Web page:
more limited than with middle school students: as most of the work on the project took place
outside of the class itself, he became akin to a consultant or college-level advisor, providing very
limited guidance only in the case of obvious mistakes made by the students.
All three projects eventually reached completion under the shape of quality final products,
albeit not without difficulty. First, due to the absence of a constant pressure put on the students
during class time and the necessity to work in autonomy outside of the school, due dates had to
be reconsidered for two groups out of three. Second, the live musical project was deemed too
complex by the students having offered to work on it, and was adapted as a video musical.
Third, the students working on the mural ended up seeking the help of the art teacher, as they
realized they were lacking some of the artistic abilities necessary to complete their project to
fruition. Far from being failures, those difficulties allowed students to realize the hardships one
faces when having to set coherent and reachable objectives, especially in a group task. Once
again, 4C-related skills have been strongly developed in the students, who declared afterwards
that they had realized how complex working on a project from the beginning to the end was,
and how difficult writing a grading rubric could be. (Brultey 2015)


Although this article only offers a few brief examples of 4C-inspired school projects, a series of
preliminary conclusions can be made. First, the 4Cs have the potential to be more than
theoretical banter: when used as guidelines at the level of a subject, they allow the teacher to
develop a more dynamic student-centered learning experience. Keeping the 4Cs in mind can
stimulate teachers to switch to a real 21st century teaching approach and inspire them to design
more engaging classroom activities. Second, as students are compelled to reach a high level of
personal responsibility, they tend to be more engaged. Whatever their age or personal skills,
students appear to be intrigued by the open nature of 4C-based projects, and end up with a
high level of commitment to the task at hand. Third, relying on the 4Cs brings more flexibility to
the teacher, the students, and the subject itself, breaking the routines associated with

traditional schoolwork. The teacher gives up his/her role as a prophet and becomes akin to an
advisor, having more time to spend with individuals and groups facing difficulties; students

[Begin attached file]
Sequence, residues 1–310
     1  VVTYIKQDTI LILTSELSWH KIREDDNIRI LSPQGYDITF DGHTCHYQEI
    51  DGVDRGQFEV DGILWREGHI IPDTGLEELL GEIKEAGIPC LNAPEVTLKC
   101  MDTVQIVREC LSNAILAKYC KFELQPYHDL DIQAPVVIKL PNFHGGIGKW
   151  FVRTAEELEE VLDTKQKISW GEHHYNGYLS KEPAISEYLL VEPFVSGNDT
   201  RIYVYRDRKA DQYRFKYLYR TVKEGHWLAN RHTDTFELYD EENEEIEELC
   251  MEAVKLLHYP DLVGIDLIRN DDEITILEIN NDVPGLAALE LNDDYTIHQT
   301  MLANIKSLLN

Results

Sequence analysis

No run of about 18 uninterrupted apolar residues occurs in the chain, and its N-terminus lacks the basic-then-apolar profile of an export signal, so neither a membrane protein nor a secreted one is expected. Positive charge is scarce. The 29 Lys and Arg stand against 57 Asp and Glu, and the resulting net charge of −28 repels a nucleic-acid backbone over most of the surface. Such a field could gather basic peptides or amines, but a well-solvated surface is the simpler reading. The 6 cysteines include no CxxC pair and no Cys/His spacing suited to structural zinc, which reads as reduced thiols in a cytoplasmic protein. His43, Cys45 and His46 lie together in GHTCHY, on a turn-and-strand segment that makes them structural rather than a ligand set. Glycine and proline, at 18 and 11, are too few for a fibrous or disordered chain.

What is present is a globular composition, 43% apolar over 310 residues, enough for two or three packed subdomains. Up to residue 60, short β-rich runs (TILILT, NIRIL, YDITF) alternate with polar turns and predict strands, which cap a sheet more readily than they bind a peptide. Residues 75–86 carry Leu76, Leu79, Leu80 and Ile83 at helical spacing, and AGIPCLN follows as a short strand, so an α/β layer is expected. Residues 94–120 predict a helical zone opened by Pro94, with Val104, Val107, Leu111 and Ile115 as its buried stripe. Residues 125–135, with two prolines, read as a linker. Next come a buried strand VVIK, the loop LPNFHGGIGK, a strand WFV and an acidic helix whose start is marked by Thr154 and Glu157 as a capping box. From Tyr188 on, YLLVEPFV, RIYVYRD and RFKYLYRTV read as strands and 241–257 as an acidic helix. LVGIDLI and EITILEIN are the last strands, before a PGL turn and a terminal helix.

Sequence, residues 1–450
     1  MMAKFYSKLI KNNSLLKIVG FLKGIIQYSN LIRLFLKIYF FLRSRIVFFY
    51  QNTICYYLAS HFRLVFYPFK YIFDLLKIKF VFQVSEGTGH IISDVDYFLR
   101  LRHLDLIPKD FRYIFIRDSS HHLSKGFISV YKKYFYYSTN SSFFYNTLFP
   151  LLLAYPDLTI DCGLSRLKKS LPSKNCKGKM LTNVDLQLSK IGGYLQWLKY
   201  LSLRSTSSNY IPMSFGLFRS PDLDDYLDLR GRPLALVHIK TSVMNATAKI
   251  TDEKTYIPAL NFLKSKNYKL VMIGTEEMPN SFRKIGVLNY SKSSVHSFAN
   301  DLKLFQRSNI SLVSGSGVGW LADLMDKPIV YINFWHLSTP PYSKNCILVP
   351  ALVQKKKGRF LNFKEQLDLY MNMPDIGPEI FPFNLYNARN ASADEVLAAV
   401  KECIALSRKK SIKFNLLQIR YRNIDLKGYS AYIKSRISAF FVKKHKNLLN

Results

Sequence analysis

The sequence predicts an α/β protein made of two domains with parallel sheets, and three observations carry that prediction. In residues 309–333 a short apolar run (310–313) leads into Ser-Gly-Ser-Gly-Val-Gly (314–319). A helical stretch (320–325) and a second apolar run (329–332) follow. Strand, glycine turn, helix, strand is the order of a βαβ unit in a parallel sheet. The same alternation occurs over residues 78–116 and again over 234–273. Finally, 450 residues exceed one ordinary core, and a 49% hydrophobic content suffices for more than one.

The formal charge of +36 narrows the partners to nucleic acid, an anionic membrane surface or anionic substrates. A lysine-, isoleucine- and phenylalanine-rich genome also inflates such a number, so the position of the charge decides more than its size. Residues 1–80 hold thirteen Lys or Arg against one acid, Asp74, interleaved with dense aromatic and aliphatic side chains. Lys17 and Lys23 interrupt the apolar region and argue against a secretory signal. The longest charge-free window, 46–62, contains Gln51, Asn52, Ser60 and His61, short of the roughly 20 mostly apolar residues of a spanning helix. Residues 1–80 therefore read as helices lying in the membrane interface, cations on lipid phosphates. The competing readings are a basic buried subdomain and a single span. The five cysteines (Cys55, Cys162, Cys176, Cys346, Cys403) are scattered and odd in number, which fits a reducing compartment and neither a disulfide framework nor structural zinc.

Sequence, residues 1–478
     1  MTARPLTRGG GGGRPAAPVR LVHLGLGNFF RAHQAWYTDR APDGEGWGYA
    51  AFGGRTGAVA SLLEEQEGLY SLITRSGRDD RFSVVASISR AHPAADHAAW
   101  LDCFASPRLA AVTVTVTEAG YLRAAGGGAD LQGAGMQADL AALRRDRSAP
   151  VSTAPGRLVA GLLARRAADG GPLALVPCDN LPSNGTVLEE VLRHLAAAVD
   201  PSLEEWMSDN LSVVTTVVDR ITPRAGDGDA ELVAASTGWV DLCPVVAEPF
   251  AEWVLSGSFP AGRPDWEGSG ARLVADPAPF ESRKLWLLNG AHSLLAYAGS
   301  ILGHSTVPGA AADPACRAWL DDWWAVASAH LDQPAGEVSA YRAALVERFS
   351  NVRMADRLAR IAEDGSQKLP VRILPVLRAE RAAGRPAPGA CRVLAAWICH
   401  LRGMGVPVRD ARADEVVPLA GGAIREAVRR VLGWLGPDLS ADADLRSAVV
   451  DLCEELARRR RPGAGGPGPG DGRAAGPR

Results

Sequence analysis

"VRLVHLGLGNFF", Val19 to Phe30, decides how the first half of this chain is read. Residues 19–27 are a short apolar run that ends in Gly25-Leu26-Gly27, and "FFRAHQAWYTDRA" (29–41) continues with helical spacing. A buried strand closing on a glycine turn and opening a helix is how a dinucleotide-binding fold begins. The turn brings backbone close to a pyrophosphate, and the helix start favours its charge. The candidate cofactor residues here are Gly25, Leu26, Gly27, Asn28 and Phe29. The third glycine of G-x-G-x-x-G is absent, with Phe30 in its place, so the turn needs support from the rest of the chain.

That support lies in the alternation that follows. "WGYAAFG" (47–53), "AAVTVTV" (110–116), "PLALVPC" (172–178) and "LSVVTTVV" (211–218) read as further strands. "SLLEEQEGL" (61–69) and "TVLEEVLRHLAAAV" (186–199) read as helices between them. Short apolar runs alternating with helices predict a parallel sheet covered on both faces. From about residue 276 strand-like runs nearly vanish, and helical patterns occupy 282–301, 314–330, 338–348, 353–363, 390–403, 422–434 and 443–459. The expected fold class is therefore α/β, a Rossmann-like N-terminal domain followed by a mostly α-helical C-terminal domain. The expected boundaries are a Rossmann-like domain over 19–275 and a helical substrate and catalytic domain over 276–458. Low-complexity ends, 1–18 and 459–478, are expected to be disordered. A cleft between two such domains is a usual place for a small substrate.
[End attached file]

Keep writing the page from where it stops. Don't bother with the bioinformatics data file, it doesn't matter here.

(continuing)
become responsible pre-adults, sensitized to the skills and competences that will be asked from
them once they reach adulthood. Considering the multiple benefits brought by a 4C-based
teaching approach, it appears that the following step would be to test-implement it at the level
of a school in order to allow in-depth research of its effects at a more global scale.


Atkins, Barry (2003). More Than a Game: the Computer Game as Fictional Form. Manchester
and New York: Manchester University Press.

Brultey, Y. (2013) Literature in English Subject Outline. Unpublished.

Brultey, Y. (2015) Conversation with 5th graders about the open initiative-based projects.

Burmack, L. (2002) Visual Literacy: Learn to See, See to Learn. Alexandria: Association for
Supervision and Curriculum Development.

Carroll, T. (2007). Chapter 4, Teaching for the Future in Building a 21st Century U.S. Education
System. Washington: National Commission on Teaching and Americas Future. 46-58.

Fadel, C. and Trilling, B. (2009). 21st Century Learning Skills. San Francisco: John Wiley & Sons.

Fisher, D. and N. Frey. (2008) Better Learning Through Structured Teaching: A Framework for the
Gradual Release of Responsibility. Alexandria: Association for Supervision and Curriculum

Kivunja, C. (2015). Exploring the Pedagogical Meaning and Implications of the 4Cs Super Skills
for the 21st Century through Bruners 5E Lenses of Knowledge Construction to Improve
Pedagogies of the New Learning Paradigm. Irvine: Creative Education, 6, 224-239.

Maligalig, J.P. (2003) Leveling Up: An Investigation into Students Learning Experiences Within a
Role-Playing Game-Based Learning System Design for DEVC 40. Available at:


Mercury, K. (2013) Resources to Teach Strategy Game Design. Available at:

Murray, J. (1997) Hamlet on the Holodeck. Cambridge: MIT Press.

Partnership for the 21t Century. (2015a). Our Mission. Washington, DC: The Partnership for
21st Century Skills. Available at:

Policy Research Center. (2010). 21st Century Skills for Students and Teachers. Honolulu:
Kamehameha Schools, Research & Evaluation Division.

Scrivener, J. (1994). Learning Teaching. Oxford: McMillan Heinemann.

Simpson, L. (2014) Using Fate Accelerated Edition in Class. Our Digital Dojo. Available at: